Home > Journals > Giornale Italiano di Dermatologia e Venereologia > Past Issues > Giornale Italiano di Dermatologia e Venereologia 2000 August;135(4) > Giornale Italiano di Dermatologia e Venereologia 2000 August;135(4):445-57



To subscribe
Submit an article
Recommend to your librarian





Giornale Italiano di Dermatologia e Venereologia 2000 August;135(4):445-57


language: Italian

Actual trends in dermoscopy

Argenziano G., Soyer H. P.

Università degli Studi Federico II - Napoli Clinica Dermatologica * Università di Graz, Austria Clinica Dermatologica


Dermoscopy is a non-invasive diagnostic technique for the in vivo observation of pigmented skin lesions, allowing a better visualization of surface and subsurface structures. This diagnostic tool permits the recognition of morphologic structures not visible to the naked eye, thus opening a new dimension of clinical morphology by linking classical dermatology closer to cutaneous pathology. The recent history of dermoscopy starts in 1987 with the first publication of a new approach, called pattern analysis, for the diagnosis of pigmented skin lesions. In a recent systematic review dermoscopy has been reported to allow 10 to 27% higher sensitivity in diagnosing melanoma when compared to clinical diagnosis by the naked eye. However, it has been shown clearly that when using dermoscopy clinicians may improve their diagnostic performance only if trained formally. Subsequently, new diagnostic algorithms have been elaborated, the ABCD rule of dermatoscopy and the 7-point checklist, to name but two, with the aim to increase sensitivity in detecting cutaneous melanoma. A growing number of dermatologists are already equipped with digital systems, which can be handled easily requiring only some technical skills. The great advantage of these digital systems is the smooth storage and retrieval of images for follow-up examinations, which is particularly important for the management of patients with numerous Clark Nevi (also called dysplastic nevi). An even newer diagnostic approach, especially in communities where dermatologists are not available, is teledermoscopy that permits to send clinical as well as dermoscopic images of pigmented skin lesions for consultation using telematic networks. In our estimation, teledermoscopy may contribute significantly to reduce waiting time and workload in dermatologic clinics, spare the patients unnecessary distress, and ultimately save public money whilst providing a faster, reliable and more efficient service. The ultimate approach, however, is the automated diagnosis or more elegantly named computer-assisted or computer-aided diagnosis of a given pigmented skin lesion in order to obtain an unbiased and reproducible diagnosis. The future will show whether or not this fiction becomes reality.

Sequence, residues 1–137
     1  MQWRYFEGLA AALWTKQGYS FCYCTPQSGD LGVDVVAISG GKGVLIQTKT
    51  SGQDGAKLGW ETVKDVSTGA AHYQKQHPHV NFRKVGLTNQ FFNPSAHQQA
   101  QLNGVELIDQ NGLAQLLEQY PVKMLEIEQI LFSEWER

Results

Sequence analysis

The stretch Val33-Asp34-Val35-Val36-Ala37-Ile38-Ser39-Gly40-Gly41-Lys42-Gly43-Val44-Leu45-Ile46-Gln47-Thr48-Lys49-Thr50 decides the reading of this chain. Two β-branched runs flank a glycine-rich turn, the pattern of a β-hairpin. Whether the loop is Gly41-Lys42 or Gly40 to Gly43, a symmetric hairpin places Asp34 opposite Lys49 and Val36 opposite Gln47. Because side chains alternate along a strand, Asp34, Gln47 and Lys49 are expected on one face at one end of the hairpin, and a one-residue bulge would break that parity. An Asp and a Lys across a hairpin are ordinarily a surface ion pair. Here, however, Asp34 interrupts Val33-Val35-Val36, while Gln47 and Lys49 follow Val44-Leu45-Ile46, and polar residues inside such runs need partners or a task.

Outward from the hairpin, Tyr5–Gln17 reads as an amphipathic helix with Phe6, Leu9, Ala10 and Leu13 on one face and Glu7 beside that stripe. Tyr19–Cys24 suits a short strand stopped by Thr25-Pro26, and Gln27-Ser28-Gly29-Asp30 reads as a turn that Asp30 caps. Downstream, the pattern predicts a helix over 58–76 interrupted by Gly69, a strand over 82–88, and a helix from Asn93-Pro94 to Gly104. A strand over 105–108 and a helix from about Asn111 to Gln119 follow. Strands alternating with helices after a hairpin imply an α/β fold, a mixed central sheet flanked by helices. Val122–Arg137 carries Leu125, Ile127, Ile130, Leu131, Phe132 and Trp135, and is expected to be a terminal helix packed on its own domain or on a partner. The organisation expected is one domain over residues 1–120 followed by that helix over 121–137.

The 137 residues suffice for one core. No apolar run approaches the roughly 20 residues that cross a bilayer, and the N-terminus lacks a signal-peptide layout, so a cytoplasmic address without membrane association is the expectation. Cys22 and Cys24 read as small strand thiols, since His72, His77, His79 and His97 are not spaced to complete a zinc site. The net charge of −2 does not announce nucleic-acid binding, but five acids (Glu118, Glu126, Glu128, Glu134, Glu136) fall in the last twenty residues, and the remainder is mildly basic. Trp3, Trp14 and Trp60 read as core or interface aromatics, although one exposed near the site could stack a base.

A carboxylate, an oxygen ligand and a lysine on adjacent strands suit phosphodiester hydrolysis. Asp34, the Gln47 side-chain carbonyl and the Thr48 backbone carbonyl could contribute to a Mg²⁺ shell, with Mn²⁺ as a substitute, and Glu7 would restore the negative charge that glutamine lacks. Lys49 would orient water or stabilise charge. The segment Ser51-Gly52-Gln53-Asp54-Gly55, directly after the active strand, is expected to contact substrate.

top of page